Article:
limcom wrote:That discussion about how to find the broken link when it might not be visible to the user on the page caught my attention.
Maybe I'm stupid, but why would you report a broken link on a page when the user can't click on it or see or in any way access it?
Isn't the idea to prevent bad user experience by making sure that links that someone can click on never lead to a "404 error"?
Can you help me out? Why would you consider a link that the user can't see broken, even if it points to a URL that does not exist?
This is related to the philoshopical question "What is the sound of a tree falling in the forest if there is nobody around to hear it?"
No, you are certainly not stupid, and it is a good question.
The answer lies in the fundamentally conservative approach that we have taken in eValid: If there is a potential problem eValid reports it. The thinking is that it is far better to have a few false negatives than to have ANY false positives.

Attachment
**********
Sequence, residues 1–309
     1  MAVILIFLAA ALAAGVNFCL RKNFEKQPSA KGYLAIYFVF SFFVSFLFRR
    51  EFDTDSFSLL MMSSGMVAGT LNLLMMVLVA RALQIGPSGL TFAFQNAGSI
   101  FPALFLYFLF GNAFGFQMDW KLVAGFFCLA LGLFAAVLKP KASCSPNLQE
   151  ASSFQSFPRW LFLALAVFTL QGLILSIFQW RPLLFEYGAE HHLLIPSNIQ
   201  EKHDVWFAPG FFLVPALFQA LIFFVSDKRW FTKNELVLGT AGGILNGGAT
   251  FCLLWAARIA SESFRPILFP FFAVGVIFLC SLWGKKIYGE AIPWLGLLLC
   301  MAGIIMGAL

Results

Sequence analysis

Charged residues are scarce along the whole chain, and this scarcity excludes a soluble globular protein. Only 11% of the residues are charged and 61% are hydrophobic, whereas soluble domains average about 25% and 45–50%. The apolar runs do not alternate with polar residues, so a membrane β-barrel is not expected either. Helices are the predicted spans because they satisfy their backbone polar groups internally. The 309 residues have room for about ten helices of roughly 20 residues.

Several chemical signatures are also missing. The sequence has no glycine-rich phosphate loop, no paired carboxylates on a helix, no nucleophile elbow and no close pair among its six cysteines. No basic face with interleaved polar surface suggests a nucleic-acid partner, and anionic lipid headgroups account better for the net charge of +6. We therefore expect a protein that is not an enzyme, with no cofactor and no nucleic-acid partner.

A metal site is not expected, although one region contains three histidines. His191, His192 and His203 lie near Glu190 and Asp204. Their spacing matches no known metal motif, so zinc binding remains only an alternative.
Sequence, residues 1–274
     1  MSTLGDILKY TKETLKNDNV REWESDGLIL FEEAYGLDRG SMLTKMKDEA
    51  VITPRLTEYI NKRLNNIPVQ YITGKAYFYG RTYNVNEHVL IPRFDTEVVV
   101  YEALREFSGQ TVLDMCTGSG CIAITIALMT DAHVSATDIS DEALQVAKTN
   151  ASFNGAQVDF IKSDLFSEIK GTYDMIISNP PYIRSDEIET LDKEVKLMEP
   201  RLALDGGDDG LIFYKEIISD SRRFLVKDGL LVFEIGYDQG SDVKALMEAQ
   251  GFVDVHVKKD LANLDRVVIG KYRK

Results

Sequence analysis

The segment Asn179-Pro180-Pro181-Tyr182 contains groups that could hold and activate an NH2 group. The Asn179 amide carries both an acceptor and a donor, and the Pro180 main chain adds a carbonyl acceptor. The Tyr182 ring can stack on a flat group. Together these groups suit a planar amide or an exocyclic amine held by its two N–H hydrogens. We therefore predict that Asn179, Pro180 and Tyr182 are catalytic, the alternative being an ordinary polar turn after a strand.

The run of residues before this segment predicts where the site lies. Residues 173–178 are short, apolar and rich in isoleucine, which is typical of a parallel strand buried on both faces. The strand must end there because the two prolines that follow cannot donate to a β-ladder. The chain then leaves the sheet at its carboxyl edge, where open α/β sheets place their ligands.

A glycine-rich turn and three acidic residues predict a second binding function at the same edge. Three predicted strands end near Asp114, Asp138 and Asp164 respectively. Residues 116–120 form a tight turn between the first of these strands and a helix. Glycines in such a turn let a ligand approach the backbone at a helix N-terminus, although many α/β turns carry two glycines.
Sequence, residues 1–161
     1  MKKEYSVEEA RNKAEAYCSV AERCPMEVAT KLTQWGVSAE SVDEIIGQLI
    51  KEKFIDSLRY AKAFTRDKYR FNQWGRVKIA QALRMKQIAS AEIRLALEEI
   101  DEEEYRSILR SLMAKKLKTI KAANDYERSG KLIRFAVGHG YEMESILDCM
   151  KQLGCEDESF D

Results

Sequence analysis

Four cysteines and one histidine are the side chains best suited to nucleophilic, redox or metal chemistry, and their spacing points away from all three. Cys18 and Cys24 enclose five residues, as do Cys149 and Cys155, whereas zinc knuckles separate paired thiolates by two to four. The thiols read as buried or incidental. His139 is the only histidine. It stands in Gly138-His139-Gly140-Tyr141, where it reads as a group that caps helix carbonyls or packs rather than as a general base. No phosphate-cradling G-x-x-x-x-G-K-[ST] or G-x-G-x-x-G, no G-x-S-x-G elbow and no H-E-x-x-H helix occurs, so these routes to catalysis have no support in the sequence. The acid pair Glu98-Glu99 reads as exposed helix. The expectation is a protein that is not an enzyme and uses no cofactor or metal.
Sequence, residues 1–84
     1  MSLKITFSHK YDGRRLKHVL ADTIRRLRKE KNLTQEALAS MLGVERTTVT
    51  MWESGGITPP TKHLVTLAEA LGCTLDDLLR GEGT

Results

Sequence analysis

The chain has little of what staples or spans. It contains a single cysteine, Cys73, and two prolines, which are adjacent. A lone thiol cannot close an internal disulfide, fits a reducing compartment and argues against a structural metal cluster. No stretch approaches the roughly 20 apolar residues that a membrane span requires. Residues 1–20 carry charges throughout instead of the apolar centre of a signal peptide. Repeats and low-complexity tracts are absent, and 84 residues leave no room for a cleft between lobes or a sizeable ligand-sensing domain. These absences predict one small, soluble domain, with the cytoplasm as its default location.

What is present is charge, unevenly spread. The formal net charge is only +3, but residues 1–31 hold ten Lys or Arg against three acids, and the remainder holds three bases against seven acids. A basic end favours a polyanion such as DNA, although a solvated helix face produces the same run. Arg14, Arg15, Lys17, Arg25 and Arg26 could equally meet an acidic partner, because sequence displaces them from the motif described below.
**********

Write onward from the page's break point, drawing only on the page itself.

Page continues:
So, the link is there and eValid will find it -- check to see if it unavailable and if it IS unavailable, will report it as broken. This is the safest way to go.
By the way, there is an Explanation of Key Facts About Site Analysis
that addresses this and several other interesting "factoids" about the eValid approach to site scanning.
-- The eValid Team